Tuesday, July 17, 2018
Eastsound area, Orcas Island
There are lots of hazards to painting out of doors, but much to be gained. Seeing what is really there in light and shadow and color helps you to grow as an artist. How to do it without being defeated by the problems is the focus of this day, and the challenge of any day working plein air.
Keep it simple. This goes for your equipment and for what you choose to paint. To avoid biting off too much it is wise to spend some time getting familiar with the location and taking in what is there. When you zero in on a subject you need to a) get comfortable, b) do a plan or study of your idea (some demonstration of this), c) draw it up on your paper.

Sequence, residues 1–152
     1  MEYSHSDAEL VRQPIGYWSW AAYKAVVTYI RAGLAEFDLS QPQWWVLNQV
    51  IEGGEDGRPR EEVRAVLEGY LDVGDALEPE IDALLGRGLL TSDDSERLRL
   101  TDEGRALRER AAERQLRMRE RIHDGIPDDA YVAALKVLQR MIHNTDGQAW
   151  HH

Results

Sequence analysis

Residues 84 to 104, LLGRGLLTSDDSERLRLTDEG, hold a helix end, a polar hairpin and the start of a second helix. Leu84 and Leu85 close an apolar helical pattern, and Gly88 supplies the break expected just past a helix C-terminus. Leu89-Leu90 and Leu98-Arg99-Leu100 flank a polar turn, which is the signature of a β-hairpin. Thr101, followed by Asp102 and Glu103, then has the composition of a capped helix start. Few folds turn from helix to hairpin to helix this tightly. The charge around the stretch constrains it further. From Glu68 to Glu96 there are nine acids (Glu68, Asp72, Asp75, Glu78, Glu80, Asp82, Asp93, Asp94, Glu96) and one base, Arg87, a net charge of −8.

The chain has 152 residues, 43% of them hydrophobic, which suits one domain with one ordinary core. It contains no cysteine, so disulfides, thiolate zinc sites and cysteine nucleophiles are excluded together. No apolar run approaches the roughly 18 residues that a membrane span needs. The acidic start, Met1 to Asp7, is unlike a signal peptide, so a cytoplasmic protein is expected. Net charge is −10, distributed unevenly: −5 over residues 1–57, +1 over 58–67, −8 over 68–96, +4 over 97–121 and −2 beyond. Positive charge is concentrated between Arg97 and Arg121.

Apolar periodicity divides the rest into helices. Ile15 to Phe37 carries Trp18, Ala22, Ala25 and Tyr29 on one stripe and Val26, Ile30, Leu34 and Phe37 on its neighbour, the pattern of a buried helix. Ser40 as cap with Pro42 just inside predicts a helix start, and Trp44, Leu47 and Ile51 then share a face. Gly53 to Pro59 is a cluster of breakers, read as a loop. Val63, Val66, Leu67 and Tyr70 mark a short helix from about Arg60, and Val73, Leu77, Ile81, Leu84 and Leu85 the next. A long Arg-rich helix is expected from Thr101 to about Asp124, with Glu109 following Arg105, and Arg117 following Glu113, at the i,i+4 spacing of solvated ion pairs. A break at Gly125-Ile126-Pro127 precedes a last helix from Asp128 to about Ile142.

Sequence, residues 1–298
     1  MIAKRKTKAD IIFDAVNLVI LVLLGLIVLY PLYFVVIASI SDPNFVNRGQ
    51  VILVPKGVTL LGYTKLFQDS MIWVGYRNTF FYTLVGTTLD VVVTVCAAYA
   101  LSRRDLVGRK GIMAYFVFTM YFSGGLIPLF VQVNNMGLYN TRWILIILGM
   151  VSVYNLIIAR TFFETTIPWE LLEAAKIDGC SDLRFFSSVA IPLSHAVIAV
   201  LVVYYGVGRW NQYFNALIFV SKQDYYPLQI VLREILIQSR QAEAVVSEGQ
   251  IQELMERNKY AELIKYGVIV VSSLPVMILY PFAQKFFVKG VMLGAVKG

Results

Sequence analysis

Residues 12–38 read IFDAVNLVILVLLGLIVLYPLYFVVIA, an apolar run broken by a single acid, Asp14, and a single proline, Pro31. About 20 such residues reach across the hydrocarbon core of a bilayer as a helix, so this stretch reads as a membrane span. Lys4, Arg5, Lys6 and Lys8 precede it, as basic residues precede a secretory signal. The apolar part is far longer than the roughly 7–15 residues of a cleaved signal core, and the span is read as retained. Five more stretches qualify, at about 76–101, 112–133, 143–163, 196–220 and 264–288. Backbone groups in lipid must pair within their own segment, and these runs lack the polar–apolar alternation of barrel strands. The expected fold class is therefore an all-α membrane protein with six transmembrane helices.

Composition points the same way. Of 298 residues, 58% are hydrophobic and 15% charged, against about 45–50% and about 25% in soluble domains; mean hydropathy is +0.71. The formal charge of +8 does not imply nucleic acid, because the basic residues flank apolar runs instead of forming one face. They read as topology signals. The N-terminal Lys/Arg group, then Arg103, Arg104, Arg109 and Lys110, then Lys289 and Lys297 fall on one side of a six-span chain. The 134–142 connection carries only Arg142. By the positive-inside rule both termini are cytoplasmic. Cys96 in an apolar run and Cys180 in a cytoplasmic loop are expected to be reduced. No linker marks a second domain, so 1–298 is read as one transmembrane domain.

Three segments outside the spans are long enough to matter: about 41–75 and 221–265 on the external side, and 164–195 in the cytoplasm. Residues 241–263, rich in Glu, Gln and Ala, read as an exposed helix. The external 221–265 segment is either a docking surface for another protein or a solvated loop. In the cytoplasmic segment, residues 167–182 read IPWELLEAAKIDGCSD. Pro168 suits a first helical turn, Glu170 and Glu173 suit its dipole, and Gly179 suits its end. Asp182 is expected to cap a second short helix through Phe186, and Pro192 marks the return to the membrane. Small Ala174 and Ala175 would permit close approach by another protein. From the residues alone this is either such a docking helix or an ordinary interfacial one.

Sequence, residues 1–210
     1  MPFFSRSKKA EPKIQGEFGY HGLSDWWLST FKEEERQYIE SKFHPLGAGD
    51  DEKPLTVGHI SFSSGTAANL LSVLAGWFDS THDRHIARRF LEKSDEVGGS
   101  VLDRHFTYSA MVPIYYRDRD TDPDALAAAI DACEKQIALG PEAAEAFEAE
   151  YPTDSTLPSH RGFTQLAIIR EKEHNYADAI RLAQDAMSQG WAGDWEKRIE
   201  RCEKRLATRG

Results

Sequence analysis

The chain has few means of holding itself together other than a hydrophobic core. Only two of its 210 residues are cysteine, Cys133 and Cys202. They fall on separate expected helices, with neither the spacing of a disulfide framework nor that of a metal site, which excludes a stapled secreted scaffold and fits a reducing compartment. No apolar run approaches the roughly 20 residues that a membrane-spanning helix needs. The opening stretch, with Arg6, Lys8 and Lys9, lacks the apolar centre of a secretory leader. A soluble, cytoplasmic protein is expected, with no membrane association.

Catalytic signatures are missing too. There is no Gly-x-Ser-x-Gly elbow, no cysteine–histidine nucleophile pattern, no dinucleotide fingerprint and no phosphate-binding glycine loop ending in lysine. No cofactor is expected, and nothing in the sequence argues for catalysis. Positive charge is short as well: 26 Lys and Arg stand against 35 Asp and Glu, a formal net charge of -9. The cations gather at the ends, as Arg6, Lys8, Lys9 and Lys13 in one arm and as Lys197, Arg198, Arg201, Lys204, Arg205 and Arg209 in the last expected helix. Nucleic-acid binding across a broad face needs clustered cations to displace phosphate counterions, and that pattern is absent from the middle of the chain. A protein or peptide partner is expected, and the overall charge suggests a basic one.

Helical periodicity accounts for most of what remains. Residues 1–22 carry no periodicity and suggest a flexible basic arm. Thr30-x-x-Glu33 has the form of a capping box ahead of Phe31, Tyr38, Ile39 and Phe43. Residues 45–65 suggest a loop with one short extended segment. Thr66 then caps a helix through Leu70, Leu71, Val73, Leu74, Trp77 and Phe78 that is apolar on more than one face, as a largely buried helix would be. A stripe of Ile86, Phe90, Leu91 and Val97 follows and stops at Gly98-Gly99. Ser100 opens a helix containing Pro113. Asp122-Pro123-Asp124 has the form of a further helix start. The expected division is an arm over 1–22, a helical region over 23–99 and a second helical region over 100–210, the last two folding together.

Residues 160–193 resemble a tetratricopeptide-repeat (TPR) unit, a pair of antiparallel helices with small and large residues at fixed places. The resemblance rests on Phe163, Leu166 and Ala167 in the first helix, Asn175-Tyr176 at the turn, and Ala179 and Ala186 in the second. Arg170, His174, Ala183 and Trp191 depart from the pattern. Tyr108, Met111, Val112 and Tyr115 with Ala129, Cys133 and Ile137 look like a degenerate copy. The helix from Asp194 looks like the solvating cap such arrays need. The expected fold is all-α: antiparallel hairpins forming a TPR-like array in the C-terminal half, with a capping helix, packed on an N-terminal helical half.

Simplify your painting technique. Outdoor painting tends include more direct painting. Your plan helps you to not chase the sun and remember the shadows that interested you. If you choose a wet-on-wet start, get that down before lunch and take a break while the start dries. We will review several ways of doing direct painting and a possible choice is to do color studies and get to more subjects.
There will be several short demonstrations of the steps to a painting — not too long so there is plenty of time for you to work on your painting.
This is a one-day workshop in a delightful setting that helps you with the problems of painting plein air. Not to be missed.
Still posting… but you have the date